About a year and a half ago just before I got my first tattoo, I researched the psychology of tattoos. I found some cool stuff. And explanations from every branch of psychology. Included in this the evolutionary explanation that since tattoos used to pose a significant health risk, and still hypothetically do, having a tattoo was a sign of higher fitness because they had a strong enough immune system that they could survive the risk. Also on the list? A need for uniqueness prompts people to permanently ink their skin. That it is a part of individual identity, a matter of self-expression. That they are an indication of a socially undesirable personality and behaviours. Or that you are doing it to fit in with your peers or a subculture.
When I returned to Google today in search of an answer on the whole professionals with tattoos debate, what I found, confirmed a lot of what I think about tattoos, which is to say, I came up with no clear opinion.
See I personally believe that the world is becoming more socially accepting of tattoos, no longer are they signs that you are some sort of thug or ne’er do well. At the same time I also believe that the professional world still views visible tattoos as about as acceptable as showing up to work in the nude. And to be clear, when I say professionals I mean the jobs that require a painful amount of education, or that place you in executive positions where people look to you to be the stereotypical upstanding citizen. Think doctors, lawyers, professors, and yes, psychologists. So I think both they’re no big deal and they’re career blocks at the same time.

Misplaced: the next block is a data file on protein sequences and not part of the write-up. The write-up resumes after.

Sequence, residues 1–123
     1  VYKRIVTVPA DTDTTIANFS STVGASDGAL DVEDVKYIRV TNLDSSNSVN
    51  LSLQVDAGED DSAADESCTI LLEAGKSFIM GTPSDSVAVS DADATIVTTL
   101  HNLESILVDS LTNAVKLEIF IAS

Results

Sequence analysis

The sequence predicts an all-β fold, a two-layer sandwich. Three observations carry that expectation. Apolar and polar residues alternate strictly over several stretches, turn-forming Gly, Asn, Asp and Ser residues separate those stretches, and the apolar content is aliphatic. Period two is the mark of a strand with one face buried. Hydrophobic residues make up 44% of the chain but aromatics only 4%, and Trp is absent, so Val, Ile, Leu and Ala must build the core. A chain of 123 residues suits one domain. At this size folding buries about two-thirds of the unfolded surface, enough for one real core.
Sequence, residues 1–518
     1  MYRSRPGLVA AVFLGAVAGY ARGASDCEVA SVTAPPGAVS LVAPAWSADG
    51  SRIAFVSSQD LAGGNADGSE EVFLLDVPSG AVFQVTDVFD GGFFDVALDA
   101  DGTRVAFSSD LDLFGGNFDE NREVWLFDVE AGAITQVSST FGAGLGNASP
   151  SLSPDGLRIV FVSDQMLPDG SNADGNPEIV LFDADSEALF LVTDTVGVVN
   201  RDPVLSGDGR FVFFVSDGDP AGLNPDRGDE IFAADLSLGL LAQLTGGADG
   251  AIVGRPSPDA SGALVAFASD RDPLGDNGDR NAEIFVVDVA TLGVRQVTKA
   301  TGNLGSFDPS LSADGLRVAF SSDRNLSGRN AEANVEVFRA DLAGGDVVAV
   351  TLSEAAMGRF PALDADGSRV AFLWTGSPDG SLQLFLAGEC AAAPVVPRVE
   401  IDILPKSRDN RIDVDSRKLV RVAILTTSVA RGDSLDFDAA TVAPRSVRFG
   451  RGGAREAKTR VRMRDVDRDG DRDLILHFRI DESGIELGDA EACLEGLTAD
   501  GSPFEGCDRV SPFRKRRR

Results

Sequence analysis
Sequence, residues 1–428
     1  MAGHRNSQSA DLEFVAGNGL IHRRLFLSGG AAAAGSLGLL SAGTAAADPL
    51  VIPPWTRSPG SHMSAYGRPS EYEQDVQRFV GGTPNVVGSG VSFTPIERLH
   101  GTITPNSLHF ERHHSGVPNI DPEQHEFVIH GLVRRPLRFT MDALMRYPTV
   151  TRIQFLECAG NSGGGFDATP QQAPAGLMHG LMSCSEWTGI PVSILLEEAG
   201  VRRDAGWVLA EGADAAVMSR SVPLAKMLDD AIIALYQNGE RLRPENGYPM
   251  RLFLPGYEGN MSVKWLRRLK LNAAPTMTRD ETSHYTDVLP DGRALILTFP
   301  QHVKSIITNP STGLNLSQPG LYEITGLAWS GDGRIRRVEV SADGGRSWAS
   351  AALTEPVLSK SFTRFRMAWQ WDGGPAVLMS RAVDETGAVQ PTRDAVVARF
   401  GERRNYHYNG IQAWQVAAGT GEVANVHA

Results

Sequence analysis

But guess what?
My generation (the group currently between the ages of 18 and 29 years old) is the most tattooed generation in history with 38% bearing at least one tattoo, 14% bearing two or more1. And yet according to a survey done by careerbuilders.com in 2011 of 2878 companies, 31% of companies would be less likely to give an individual with a visible tattoo a promotion. On the upside, this is only marginally worse than having messy hair (29%) and apparently having a body piercing (I am presuming other than traditional ear lobe) is actually worse (37% say this would make them less likely to give the promotion).
The funny thing is that with two tattoos already and a third planned within the next two years, you would assume that I am wholly accepting of ink. But I honestly don’t know if I would be comfortable if I went into my doctor’s office and he or she had multiple arm tattoos. I wouldn’t completely write them off as a person or doctor, but I know I would question their… ability to be a doctor? I don’t know. Well I do but can’t explain it.
Do I regret my decisions to get tattoos? No. I would do it again in a heartbeat. They are not tacky or vulgar images inked forever, they are pure and beautiful representations of who I am and what matters to me. Neither were done on impulse, my policy is I have to have wanted the tattoo for at least a year. Yes, one day they will fade and they probably won’t look as nice when my skin loses its elasticity, but my memory and the meaning will be as clear as the day I cursed the tattoo artist.
Conclusion? Does this tattoo business fit with my psychologist business? Maybe not quite. But psychology is about people helping people. Highly trained people, but still people. And the statistics don’t lie – people get tattoos. I’m not saying that I am going to go get full sleeves, or start getting all sorts of highly conspicuous tattoos, but I am saying that this is a part of me that I am not willing to let go. If I am rich or successful but unhappy is it really worth it? In my opinion no.